BBC News, November 29, 2009
Swiss voters have supported a referendum proposal to ban the building of minarets, official results show.
More than 57% of voters and 22 out of 26 cantons–or provinces–voted in favour of the ban.
The proposal had been put forward by the Swiss People’s Party, (SVP), the largest party in parliament, which says minarets are a sign of Islamisation.
The government opposed the ban, saying it would harm Switzerland’s image, particularly in the Muslim world.
But Martin Baltisser, the SVP’s general secretary, told the BBC: “This was a vote against minarets as symbols of Islamic power.”
The BBC’s Imogen Foulkes, in Bern, says the surprise result is very bad news for the Swiss government which fears unrest among the Muslim community.
Our correspondent says voters worried about rising immigration–and with it the rise of Islam–have ignored the government’s advice.
In a statement, the government said it accepted the decision.
It said: “The Federal Council (government) respects this decision. Consequently the construction of new minarets in Switzerland is no longer permitted.”
Justice Minister Eveline Widmer-Schlumpf said: “Concerns [about Islamic fundamentalism] have to be taken seriously.
“However, a ban on the construction of new minarets is not a feasible means of countering extremist tendencies.”
She sought to reassure Swiss Muslims, saying the decision was “not a rejection of the Muslim community, religion or culture”.
Switzerland is home to some 400,000 Muslims and has just four minarets.
After Christianity, Islam is the most widespread religion in Switzerland, but it remains relatively hidden.
There are unofficial Muslim prayer rooms, and planning applications for new minarets are almost always refused.
Supporters of a ban claimed that allowing minarets would represent the growth of an ideology and a legal system–Sharia law–which are incompatible with Swiss democracy.
But others say the referendum campaign incited hatred. On Thursday the Geneva mosque was vandalised for the third time during the campaign, according to local media.
Amnesty International said the vote violated freedom of religion and would probably be overturned by the Swiss supreme court or the European Court of Human Rights.
The president of Zurich’s Association of Muslim Organisations, Tamir Hadjipolu, told the BBC: “This will cause major problems because during this campaign mosques were attacked, which we never experienced in 40 years in Switzerland.
“Islamaphobia has increased intensively.”
And there was dismay among Switzerland’s Muslims upon hearing the result.
Farhad Afshar, president of the Coordination of Islamic Organisations in Switzerland, said: “The most painful thing for us is not the ban on minarets but the symbol sent by this vote.
“Muslims do not feel accepted as a religious community.”
Elham Manea, co-founder of the Forum for a Progressive Islam, added: “My fear is that the younger generation will feel unwelcome.
“It’s a message that you are not welcome here as true citizens of this society.”
Sunday’s referendum was held after the SVP collected 100,000 signatures from voters within 18 months calling for a vote.
In recent years countries across Europe have been debating how best to integrate Muslim populations.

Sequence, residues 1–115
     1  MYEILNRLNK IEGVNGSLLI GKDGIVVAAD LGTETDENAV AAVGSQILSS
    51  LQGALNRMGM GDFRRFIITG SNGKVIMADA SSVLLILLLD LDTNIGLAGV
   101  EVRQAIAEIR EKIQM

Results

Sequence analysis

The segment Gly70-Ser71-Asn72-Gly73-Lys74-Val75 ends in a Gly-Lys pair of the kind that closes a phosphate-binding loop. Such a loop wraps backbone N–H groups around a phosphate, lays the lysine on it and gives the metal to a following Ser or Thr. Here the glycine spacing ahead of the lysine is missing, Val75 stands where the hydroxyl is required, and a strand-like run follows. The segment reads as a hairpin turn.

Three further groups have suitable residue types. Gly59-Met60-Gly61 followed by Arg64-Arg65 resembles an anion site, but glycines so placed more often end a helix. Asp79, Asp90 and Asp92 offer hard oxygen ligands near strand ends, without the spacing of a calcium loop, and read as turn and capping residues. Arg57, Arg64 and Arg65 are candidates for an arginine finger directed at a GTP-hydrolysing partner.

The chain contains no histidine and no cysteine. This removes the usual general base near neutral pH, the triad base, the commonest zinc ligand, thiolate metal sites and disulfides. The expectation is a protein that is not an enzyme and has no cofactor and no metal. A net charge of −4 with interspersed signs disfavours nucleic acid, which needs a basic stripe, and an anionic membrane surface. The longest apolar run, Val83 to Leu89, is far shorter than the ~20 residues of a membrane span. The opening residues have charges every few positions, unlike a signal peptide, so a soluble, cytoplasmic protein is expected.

France focused on the headscarf, while in Germany there was controversy over plans to build one of Europe’s largest mosques.
A Swiss ban on minarets could violate fundamental liberties, Europe’s top human-rights watchdog said Monday in an indication that the heavily criticized vote could be overturned.
The Swiss justice minister also said the European Court of Human Rights could strike down the Sunday vote, which incurred swift condemnation at home and abroad for banning the towers used to put out the Islamic call to prayer.
The 47-nation Council of Europe said that banning “new minarets in Switzerland raises concerns as to whether fundamental rights of individuals, protected by international treaties, should be subject to popular votes.” Switzerland presides over the council, which is associated with the European Court of Human Rights. The court rules on breaches of the European Convention on Human Rights.
Justice Minister Eveline Widmer-Schlumpf said the ban would come into force immediately, but indicated that it could be overturned.
“The ban contradicts the European Convention on Human Rights,” Zurich daily Blick cited Widmer-Schlumpf as saying.
The referendum backed by nationalist parties was approved by 57.5 percent of the population Sunday, forcing the government to declare illegal the building of any new minarets in Switzerland. It doesn’t affect the country’s four existing minarets.
The U.N.’s special investigator on religious freedom, Asma Jahangir, said the ban on new minarets constitutes “a clear discrimination against members of the Muslim community in Switzerland.”
Ekmeleddin Ihsanoglu, the secretary general of the Organization of the Islamic Conference, called the ban an “example of growing anti-Islamic incitement in Europe by the extremist, anti-immigrant, xenophobic, racist, scare-mongering ultra-right politicians who reign over common sense, wisdom and universal values.”
Wealthy Arab tourists might think twice now about spending their money in Geneva and other Swiss cities popular with visitors from the Gulf, and the neutral country’s efforts to mediate in the Israeli-Palestinian conflict could also suffer, said Daniel Warner, a Swiss-American political scientist at the Graduate Institute in Geneva.
Supporters of the ban said the number of Muslims in Switzerland had grown sharply from 50,000 in 1980, but it is still only 4 percent of the 7.5 million population, many of whom don’t practice. Western Europe has an estimated 14 million Muslims.
But, fellow town resident Anton Seil told APTN that “we are in Switzerland, and if I go to another country I also can’t build up my church or represent my faith. So, they have to adapt to us in Switzerland too.”